Managing DiabetesBy Debbie Clausen and Donna Eaton Richards
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Diabetes mellitus is a condition that prevents the body from regulating the amount of sugar (glucose) in the blood. There are two common types of diabetes, Type 1, previously known as insulin dependent diabetes and Type 2 previously orknown as non-insulin dependent diabetes.1 Typically, Type 1 diabetes begins in childhood was common only in childhood but now can occur at any age, especially in people under 40,2 and is believed to be an autoimmune disease causing the body’s immune system to attack the cells of the pancreas, shutting down its ability to produce insulin. Insulin is necessary for the proper regulation and use of glucose. Type 1 diabetes is more common in men than women and rarely found in people of Asian descent.
More than 90% of people with diabetes have Type 2 diabetes. Type 2 diabetes has strong genetic links and usually runs in families. It creates a situation where the body cells resist the entrance of glucose, leaving large amounts of blood sugar floating around in the blood, instead of nourishing the cells. This excess glucose (hyperglycemia) in the blood is harmful to the body organs, damaging the retina of the eye, the kidneys, the nerves and the blood vessels over a long period of time. In recent years Type 2 diabetes is increasing in children and adolescents. It remains the main type of diabetes in adults.3 Type 2 diabetes generally occurs between the ages of 50-55 when people are getting older and fatter.
The usual and suspect symptoms of diabetes 1 and 2 are: excessive thirst, excessive appetite, frequent urination, unexplained weight loss, fatigue, poor wound healing, frequent infections, altered mental state and blurry vision.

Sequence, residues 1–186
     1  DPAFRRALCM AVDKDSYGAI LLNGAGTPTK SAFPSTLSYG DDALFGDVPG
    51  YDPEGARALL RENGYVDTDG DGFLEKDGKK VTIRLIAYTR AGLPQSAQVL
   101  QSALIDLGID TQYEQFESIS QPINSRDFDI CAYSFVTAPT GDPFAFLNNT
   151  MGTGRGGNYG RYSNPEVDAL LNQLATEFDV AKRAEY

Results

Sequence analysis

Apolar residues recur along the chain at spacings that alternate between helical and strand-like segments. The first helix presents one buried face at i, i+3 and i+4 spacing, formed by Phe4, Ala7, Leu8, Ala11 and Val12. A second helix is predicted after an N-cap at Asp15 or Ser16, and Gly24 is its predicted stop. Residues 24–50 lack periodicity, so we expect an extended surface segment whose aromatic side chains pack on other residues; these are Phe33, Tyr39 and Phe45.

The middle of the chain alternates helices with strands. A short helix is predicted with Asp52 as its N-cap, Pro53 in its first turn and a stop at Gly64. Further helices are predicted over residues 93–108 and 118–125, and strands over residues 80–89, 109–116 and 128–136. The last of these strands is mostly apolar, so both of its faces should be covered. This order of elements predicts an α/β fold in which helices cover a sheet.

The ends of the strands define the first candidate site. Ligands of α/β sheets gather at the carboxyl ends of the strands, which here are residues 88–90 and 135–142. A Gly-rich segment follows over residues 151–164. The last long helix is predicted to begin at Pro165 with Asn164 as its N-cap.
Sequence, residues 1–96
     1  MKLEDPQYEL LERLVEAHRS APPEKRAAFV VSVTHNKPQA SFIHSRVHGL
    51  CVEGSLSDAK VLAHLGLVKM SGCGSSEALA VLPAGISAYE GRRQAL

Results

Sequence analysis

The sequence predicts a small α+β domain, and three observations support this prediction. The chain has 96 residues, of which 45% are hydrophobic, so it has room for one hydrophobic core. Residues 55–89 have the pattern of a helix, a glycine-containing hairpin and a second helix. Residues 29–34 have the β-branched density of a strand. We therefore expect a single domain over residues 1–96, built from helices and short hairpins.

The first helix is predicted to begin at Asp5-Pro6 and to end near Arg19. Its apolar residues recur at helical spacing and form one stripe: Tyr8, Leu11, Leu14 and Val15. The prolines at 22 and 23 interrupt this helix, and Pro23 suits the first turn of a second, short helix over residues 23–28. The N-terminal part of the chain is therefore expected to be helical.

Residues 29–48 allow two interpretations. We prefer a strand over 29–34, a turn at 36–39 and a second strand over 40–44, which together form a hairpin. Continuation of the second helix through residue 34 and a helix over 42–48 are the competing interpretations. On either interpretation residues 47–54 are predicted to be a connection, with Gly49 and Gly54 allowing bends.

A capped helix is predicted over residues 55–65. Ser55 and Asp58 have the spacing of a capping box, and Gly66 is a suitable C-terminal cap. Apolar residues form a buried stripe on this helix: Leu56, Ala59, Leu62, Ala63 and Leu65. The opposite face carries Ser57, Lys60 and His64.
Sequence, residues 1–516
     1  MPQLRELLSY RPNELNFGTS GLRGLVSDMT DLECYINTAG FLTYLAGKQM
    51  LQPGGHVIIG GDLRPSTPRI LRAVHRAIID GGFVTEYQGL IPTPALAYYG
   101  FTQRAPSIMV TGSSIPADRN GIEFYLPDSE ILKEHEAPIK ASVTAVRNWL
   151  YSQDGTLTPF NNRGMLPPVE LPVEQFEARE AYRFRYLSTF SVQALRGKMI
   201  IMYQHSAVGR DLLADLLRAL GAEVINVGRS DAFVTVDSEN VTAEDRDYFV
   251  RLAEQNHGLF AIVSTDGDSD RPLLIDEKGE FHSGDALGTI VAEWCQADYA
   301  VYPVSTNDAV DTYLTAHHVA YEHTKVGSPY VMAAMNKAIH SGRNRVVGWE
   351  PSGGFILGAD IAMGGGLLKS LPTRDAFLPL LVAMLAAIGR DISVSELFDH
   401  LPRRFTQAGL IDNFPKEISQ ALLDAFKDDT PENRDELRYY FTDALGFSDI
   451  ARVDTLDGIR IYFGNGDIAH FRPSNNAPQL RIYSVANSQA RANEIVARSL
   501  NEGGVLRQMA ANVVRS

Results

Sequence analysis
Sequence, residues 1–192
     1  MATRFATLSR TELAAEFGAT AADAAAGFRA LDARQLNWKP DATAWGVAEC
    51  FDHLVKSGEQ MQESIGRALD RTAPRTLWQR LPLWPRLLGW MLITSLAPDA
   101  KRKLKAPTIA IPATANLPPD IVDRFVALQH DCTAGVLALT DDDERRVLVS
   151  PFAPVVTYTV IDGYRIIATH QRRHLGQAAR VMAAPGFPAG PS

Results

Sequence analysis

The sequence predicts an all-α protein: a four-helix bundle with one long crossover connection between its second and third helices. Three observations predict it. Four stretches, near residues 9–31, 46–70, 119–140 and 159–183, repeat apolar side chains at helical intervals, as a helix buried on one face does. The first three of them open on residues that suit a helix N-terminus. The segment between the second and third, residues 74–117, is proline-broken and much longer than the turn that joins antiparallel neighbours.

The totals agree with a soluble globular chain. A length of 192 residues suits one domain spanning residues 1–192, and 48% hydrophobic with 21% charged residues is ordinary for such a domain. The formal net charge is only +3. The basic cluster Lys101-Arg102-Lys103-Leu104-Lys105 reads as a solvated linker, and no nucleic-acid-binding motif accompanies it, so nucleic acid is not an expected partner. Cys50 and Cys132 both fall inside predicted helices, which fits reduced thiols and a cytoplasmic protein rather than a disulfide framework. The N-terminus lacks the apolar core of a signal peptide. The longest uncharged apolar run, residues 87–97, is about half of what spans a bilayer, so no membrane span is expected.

Surprisingly, sugar intake is not the main culprit in Type 2 diabetes. Studies show that fat consumption and large amounts of body fat are the significant disease contributors. Type 2 diabetes is rarely found in countries where the diet is low fat with low rates of obesity. However, you are at greater risk for Type 2 if you have:
· High blood pressure
· High blood triglyceride (fat) levels
· Gestational diabetes or giving birth to a baby weighing more than 9 pounds
· High-fat diet
· High alcohol intake
· Sedentary lifestyle
· Obesity problems
The resistance of the cells to insulin appears to relate directly to obesity and to excess fat in the diet and possibly in the liver.
Dietary changes are the most effective diabetes treatment. A healthy meal plan includes a large variety of foods including low fat proteins, vegetables, fruits, and complex carbohydrates. In addition to a variety of foods, eating smaller portions of all foods is essential. Too much food, even if healthy foods, adds excess calories and prevents a person from reaching a healthy weight.4 Lower amounts of fat, grease and oil in the daily diet become extremely important. This will increase the cells’ sensitivity to insulin, allowing the glucose to better enter the cells in Type 2 diabetes. Lowering the daily fat intake to 10% of total daily calories can often improve blood sugar levels to normal range in approximately 8 – 10 weeks. High fiber foods are also very important for normalizing spikes that can occur in blood sugar while stabilizing energy levels as well. Avoiding refined foods, drinks, and snacks which are low in fiber but high in calories is also very helpful.
Physical exercise is essential to burning up the excess blood sugar and fatty acids in the blood. A regular exercise routine of 20 minutes minimum of walking, three times per week has proven to be very beneficial in reducing blood sugar levels. Exercise will also help to reduce obesity, which is a critical component of lifestyle management for Type 2 diabetes.
Alcohol and smoking are dangerous for diabetics. No more than seven drinks in a week or two to three in an evening should be consumed. Smoking increases the risks for diabetic complications. If at all possible, eliminate these things from your lifestyle.
People with Type 1 diabetes require insulin treatment for life or until pancreatic transplants are available. Until then a balanced diet of protein, high fiber starchy carbohydrages, fresh fruits and vegetables along with a little fat will reduce the amount of insulin necessary and help to stabilize blood sugar levels.
To protect oneself from diabetic complications, the patient should have their eyes checked at least once a year for diabetic retinopathy; a urine check at least twice a year for protein in the urine, which can lead to kidney failure; check their cholesterol and blood pressure levels to avoid heart disease; check for nerve sensitivity in the feet and cuts or blisters in the feet.
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